• These guidelines would prohibit some farm kids, rural kids or any kids under 18, from doing some of the most rudimentary of farm work. • There are loopholes, but only if a parent owns the farm.
Amidst state enactment of highly restricted migrant labor laws comes announcement by the Department of Labor that new, equally restrictive, Federal policies may be forthcoming for on-farm laborers.
We’re not talking foreign labor here! These guidelines would prohibit some farm kids, rural kids or any kids under 18, from doing some of the most rudimentary of farm work. There are loopholes, but only if a parent owns the farm.
The revisions, the first since 1970, would impact the Fair Labor Standards Act, which bars young workers from certain tasks, and are intended to bring restrictions on young agricultural workers more in line with those that already exist for young people working in other industries.
Specifically, the new rules would prohibit farm workers under age 16 from participating in the cultivation and harvesting of crops. And it would prohibit youth in both agricultural and non-agricultural employment from using electronic, including communication, devices while operating power-driven equipment.
There is also a new non-agricultural hazardous occupations order proposed that would prevent minors under 18 from being employed in the storing, marketing and transporting of farm product raw materials. Prohibited places of employment would include country grain elevators, grain bins, silos, feedlots, stockyards, livestock exchanges and livestock auctions.
Two Facebook friends recently posted that had these proposed laws been in enforced in the 1960s, one would very likely not be president of a large agricultural products distribution company and the other very likely wouldn’t be an ag economist in charge of making buying and investment decisions for one of the country’s largest grain buyers.
The most recent proposed changes in the DOL standard also would prohibit farm workers under 16 from operating almost all power-driven equipment.
Needless to say my pleasant summer days spent working on my Uncle Jimmy’s farm would be out of the question. As best I can recall, I was 12 and 13 the two years I worked on the farm. I drove a tractor hauling watermelons out of the field and even tried my hand — very briefly — at picking cotton.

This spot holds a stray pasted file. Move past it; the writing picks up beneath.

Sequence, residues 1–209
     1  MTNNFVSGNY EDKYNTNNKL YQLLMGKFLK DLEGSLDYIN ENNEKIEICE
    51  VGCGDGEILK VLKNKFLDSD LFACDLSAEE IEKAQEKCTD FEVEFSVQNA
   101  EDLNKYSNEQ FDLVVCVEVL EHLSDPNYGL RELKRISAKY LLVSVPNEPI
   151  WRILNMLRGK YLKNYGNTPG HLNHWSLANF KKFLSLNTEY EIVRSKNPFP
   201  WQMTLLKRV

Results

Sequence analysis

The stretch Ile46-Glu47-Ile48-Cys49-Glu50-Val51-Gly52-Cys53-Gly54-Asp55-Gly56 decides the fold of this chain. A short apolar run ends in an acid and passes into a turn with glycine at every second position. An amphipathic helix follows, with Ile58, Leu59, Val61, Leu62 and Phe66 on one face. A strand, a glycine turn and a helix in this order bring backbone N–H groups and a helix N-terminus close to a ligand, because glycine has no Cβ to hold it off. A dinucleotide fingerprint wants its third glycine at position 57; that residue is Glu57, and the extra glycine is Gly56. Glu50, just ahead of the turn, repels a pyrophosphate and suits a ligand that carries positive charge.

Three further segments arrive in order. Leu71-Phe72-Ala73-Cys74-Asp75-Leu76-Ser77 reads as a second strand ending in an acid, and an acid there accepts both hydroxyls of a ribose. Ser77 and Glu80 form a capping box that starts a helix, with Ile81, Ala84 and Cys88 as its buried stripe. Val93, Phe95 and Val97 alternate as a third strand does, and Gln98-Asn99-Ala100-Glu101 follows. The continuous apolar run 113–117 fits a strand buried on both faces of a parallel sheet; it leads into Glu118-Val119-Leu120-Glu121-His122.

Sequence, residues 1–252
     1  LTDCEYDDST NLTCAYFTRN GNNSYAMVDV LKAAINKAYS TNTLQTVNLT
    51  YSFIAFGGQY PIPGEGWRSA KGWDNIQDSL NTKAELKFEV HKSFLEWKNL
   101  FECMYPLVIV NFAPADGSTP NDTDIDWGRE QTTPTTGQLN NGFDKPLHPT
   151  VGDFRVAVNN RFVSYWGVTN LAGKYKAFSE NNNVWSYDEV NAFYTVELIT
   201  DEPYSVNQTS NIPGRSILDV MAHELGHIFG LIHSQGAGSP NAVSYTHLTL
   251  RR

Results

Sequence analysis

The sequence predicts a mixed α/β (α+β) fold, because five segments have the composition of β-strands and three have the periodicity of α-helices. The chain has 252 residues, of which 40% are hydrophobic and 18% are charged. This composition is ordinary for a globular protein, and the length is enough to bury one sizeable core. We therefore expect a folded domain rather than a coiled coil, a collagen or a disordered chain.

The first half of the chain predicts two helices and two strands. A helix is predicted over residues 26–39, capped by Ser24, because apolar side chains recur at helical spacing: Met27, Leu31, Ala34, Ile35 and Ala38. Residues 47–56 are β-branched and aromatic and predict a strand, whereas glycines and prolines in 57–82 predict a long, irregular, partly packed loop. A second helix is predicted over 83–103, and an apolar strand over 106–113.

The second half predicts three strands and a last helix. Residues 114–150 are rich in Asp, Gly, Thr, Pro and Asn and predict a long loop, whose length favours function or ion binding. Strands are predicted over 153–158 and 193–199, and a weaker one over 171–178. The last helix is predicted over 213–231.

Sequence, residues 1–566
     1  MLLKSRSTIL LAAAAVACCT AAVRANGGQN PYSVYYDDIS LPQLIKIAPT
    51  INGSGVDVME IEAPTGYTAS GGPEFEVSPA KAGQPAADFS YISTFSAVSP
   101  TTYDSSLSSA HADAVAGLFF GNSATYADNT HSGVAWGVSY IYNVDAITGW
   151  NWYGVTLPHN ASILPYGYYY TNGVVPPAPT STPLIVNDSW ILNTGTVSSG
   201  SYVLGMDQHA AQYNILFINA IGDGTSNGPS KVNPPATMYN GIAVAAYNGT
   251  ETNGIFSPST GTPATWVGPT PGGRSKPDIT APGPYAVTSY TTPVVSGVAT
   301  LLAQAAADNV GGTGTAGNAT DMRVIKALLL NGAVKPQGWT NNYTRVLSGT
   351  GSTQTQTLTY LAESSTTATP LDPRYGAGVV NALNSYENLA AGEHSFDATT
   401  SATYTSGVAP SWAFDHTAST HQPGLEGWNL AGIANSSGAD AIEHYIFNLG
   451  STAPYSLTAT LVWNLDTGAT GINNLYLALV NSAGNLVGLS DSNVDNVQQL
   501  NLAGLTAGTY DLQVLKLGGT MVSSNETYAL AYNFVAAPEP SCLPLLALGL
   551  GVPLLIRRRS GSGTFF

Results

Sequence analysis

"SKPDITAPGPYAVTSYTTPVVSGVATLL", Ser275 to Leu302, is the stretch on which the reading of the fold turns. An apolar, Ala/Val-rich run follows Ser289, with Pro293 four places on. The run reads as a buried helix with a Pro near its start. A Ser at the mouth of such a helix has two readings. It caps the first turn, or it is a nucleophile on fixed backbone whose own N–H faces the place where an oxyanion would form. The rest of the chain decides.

My uncle, long-sinse dead and a long-time skeptic of government policies that restricted his farming career, is no doubt gyrating in his grave if the latest round of government idiocracy has reached that far up or down.
Since Uncle Jimmy was my uncle, not my father, he would have been at risk of breaking federal law had such foolish guidelines been intact back in the mid-1960s. If he was alive today, I can almost certainly predict his three word commentary on these most recent changes to the Fair Labor Standards Act. He would have more graphically phrased — male siblings of female dogs — and his commentary would have been followed by a big spit of tobacco juice and push back of his ever-present Stetson hat.
When the Fair Labor Standards Act was ushered into law in 1938, I’m sure there was a dire need for such federal intervention. Even when the Act was upgraded in the 1970s, I am likewise sure there needed to be changes made to bring it into what was for agriculture like coming out of the stone ages and into a modern era of high powered farm equipment.
I don’t even doubt that modern-day changes are needed today. Certainly agriculture is dramatically different today than it was in the 1970s. Hopefully, it is different in a better way and in a way that is much less dangerous to people who work on a farm.
If the Department of Labor had done their homework and brought forth meaningful changes in the Act, I am confident agriculture would have supported it whole-heartedly. Clearly, no such effort to understand the impact of the latest round of changes will have on modern agriculture was made.
I’m not opposed to, and in fact support, tough child labor laws. I know there is a need to protect America’s youth from unscrupulous people, even family members, who would stoop to forcing kids to work for long hours with little or no reward.
But come on! Passing laws that would prevent a teenager from working on his uncle’s farm — that’s not protecting America’s youth. It’s more like robbing them of an opportunity to learn how to work in an environment that’s set up to help them, not hurt them.
My Uncle Jimmy paid me royally to work part-time on his farm in the summer. As I recall, I got a dollar to spend at Zachry’s Feed and Seed every Thursday when he and Aunt Addie went to buy groceries. And, this wasn’t your momma’s feed and seed — they had Topps bubble gum and baseball cards. They had new 16-ounce Double Colas and they had dime bags of roasted peanuts.
My fringe benefits included picking out which watermelon to cut first after supper and my career development opportunities included learning to drive a 1950s vintage Farmall tractor.
After all these years and from my perspective, life just doesn’t get much better than that. Pity that pending legislation could rob the next generations of making those life-altering social and career moves.